Government of Canada announces judicial appointments in the province of Ontario
February 3, 2020 - Ottawa, Ontario - Department of Justice Canada
The Honourable David Lametti, Minister of Justice and Attorney General of Canada, today announced the following appointments under the judicial application process established in 2016. This process emphasizes transparency, merit, and diversity, and will continue to ensure the appointment of jurists who meet the highest standards of excellence and integrity.
The Honourable Suzanne Stevenson, a Judge of the Superior Court of Justice of Ontario, is appointed Senior Judge of the Superior Court of Justice of Ontario, Family Court branch. Madam Justice Stevenson replaces Mr. Justice George Czutrin who elected to become a supernumerary judge effective January 30, 2020.
The Honourable Stephen E. Firestone, a Judge of the Superior Court of Justice of Ontario, is appointed Regional Senior Judge of the Superior Court of Justice of Ontario for the Toronto Region. Mr. Justice Firestone fills the Regional Senior Judge position vacated by Mr. Justice G. Morawetz (Toronto), who was elevated to the position of Chief Justice effective July 1, 2019.
Andrew Pinto, Partner at Pinto James LLP in Toronto, is appointed a Judge of the Superior Court of Justice of Ontario. Mr. Justice Pinto replaces Mr. Justice S.E. Firestone, who was appointed Regional Senior Judge of the Superior Court of Justice for the Toronto Region.
Kathleen Erin Cullin, Counsel at Wallbridge, Wallbridge in Timmins, is appointed a Judge of the Superior Court of Justice of Ontario. Madam Justice Cullin fills one of three remaining positions authorized under the Budget Implementation Act, 2018, No. 1.
She received a Bachelor of Arts from McMaster University in 1988 and a Bachelor of Laws from Osgoode Hall Law School in 1991, and she was admitted to the Bar of Ontario in 1993.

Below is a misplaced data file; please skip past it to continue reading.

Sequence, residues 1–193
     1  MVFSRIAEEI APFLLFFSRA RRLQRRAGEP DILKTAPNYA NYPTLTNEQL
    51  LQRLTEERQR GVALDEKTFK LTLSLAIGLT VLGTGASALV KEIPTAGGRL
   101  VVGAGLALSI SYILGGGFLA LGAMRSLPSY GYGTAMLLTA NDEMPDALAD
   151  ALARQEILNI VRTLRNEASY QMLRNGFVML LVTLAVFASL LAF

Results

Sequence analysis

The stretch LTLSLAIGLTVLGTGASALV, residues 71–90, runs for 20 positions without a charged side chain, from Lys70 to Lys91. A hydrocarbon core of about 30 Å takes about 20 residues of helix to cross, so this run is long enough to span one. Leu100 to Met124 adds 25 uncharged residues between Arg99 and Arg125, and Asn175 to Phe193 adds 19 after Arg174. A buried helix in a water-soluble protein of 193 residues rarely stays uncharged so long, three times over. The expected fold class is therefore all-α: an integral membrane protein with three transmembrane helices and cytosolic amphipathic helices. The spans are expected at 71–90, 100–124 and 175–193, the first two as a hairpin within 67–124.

Justice Stevenson practised with Robert Martin (now Martin & Hillyer) from 1993 to 2004 and was self-employed, practising in association at Martin & Hillyer, from 2004 to 2011. Her main area of practice was family law and wills.
Justice Stevenson was a member of the Canadian Bar Association, Halton County Law Association, Hamilton Halton Collaborative Law Practice Group and International Academy of Collaborative Professionals, and an associate member of the Hamilton Law Association. She has also been a guest lecturer on family law at Queen’s University Law School for the Trial Advocacy course.
He received a Bachelor of Arts from York University in 1983 and a Bachelor of Law from the University of Windsor Law School in 1986. He was admitted to the Bar of Ontario in 1988.
Justice Firestone was a partner with Lackman, Firestone Law Offices from 1995 to 2013. He was a lawyer with Iacono, Brown, Barristers & Solicitiors from 1990 to 1995, and with Sommers & Roth from 1988 to 1990. His practice focused on civil litigation with an emphasis on personal injury, accident benefits and professional negligence.
Justice Firestone was a course instructor at Sheridan College and a guest lecturer at the University of Windsor Faculty of Law and Osgoode Hall Law School. He is past director of the Advocates Society, and he was President of the Ontario Trial Lawyers Association and Chair of the Ontario Bar Association’s Young Lawyers Division. He co-authored the Personal Injury Practice Manual and Ontario Motor Vehicle Insurance Practice Manual, and he authored Motor Vehicle Insurance Law and Commentary. He has written numerous articles and papers on these subjects.
Justice Pinto practised civil litigation, workplace law and administrative law. He obtained an Electrical Engineering degree from Queen’s University and an LL.B. from the University of Windsor in 1993.
Called to the Bar in 1995, Justice Pinto practised with Scott & Aylen Toronto before opening his own practice in 1998. He was a partner with Eberts Symes Street Pinto & Jull LLP and Pinto James (formerly Pinto Wray James) LLP. He has appeared before all levels of court including the Supreme Court of Canada, and before numerous administrative tribunals. He taught administrative law as an Adjunct Professor at the University of Toronto and guest lectured at several other Canadian universities. Since 2007, he has been Co-Chair of the University of Toronto’s Academic Integrity Tribunal.